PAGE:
Latest polypill trial yields largest improvements yet

By Piriya Mahendra

The results of the first trial to administer the polypill on the basis of age alone has shown the largest reductions in blood pressure (BP) and cholesterol level of any polypill trial to date, researchers report.

The results of the current study are more likely to be accurate than other polypill trials because of its crossover, rather than parallel group, design, which has greater statistical power and avoids the dilution of the estimation of effect due to participants who did not take their allocated treatment, claim David Wald (Queen Mary University of London, UK) and team.

In their study, the polypill, which consisted of amlodipine 2.5 mg, losartan 25 mg, hydrochlorothiazide 12.5 mg, and simvastatin 40 mg and was administered to 84 participants aged a mean of 59 years, reduced mean systolic BP by 17.9 mmHg and diastolic BP by 9.8 mmHg compared with placebo.

In addition, low-density lipoprotein (LDL) cholesterol was reduced by 1.4 mmol/L, as reported in PLoS One.

Of note, aspirin was not included in the pill. The authors say this was because "the risk of bleeding in people without existing cardiovascular disease (CVD) might be unacceptable in relation to the expected benefit."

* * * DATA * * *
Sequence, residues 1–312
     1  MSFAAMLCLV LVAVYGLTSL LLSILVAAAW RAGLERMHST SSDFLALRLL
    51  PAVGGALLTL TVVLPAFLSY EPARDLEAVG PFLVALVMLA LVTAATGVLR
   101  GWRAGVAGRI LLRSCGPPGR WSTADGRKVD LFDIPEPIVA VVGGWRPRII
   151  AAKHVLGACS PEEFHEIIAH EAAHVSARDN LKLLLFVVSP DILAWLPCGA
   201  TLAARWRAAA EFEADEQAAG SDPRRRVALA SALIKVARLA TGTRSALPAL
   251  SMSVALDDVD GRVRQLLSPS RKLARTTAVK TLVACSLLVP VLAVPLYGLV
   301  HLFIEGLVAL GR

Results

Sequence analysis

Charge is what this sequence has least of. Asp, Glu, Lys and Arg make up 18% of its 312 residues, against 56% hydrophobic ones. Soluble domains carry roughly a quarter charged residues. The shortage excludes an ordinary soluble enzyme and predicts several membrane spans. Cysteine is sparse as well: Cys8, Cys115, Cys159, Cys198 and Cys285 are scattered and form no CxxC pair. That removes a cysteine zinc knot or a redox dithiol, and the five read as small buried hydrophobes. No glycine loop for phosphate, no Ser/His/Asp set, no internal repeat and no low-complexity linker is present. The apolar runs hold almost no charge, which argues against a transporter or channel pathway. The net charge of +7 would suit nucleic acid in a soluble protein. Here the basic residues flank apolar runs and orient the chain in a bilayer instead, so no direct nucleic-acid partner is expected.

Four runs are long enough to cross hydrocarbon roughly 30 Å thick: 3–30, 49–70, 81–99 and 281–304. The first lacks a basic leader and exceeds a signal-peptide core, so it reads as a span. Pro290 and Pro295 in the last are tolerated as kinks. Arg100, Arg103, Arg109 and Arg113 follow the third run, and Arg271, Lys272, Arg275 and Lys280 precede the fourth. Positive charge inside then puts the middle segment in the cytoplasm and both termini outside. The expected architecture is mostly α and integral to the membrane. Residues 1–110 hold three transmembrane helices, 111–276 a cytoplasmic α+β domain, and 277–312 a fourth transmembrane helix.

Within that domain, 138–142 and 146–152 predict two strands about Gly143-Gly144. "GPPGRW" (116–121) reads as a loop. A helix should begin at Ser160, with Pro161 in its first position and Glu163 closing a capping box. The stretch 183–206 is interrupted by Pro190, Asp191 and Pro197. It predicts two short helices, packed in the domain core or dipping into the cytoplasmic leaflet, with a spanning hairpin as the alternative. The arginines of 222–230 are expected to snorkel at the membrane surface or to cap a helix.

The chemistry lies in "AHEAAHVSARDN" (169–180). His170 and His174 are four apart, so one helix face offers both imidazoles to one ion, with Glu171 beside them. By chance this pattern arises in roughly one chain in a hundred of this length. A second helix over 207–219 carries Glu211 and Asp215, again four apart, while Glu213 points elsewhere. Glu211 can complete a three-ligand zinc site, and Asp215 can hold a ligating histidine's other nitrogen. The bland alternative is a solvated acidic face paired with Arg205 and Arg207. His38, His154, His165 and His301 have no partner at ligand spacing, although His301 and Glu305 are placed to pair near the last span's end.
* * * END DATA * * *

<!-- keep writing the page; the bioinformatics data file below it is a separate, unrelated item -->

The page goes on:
Further analysis revealed that the BP and LDL cholesterol reductions observed in the current study were close to those expected from meta-analyses of randomized trials of the individual classes of polypill components, at 12%, 11%, and 39% observed for systolic BP, diastolic BP, and LDL cholesterol, respectively.

At the end of the trial, 24 of the participants reported one or more side-effects while on the polypill, including cough, muscle ache/pain, ankle swelling, flushing, rash, or tongue or lip swelling. However, none of these participants considered their symptoms troublesome enough to stop treatment.

The authors say that based on the quantitative relationship of LDL cholesterol and BP with ischemic heart disease and stroke risk, and given the composition of the polypill they used, the predicted effect in reducing ischemic heart disease events is 72% and in reducing stroke is 64%.

"This polypill, designed principally for primary prevention, therefore has considerable potential for the prevention of cardiovascular disease," they conclude.

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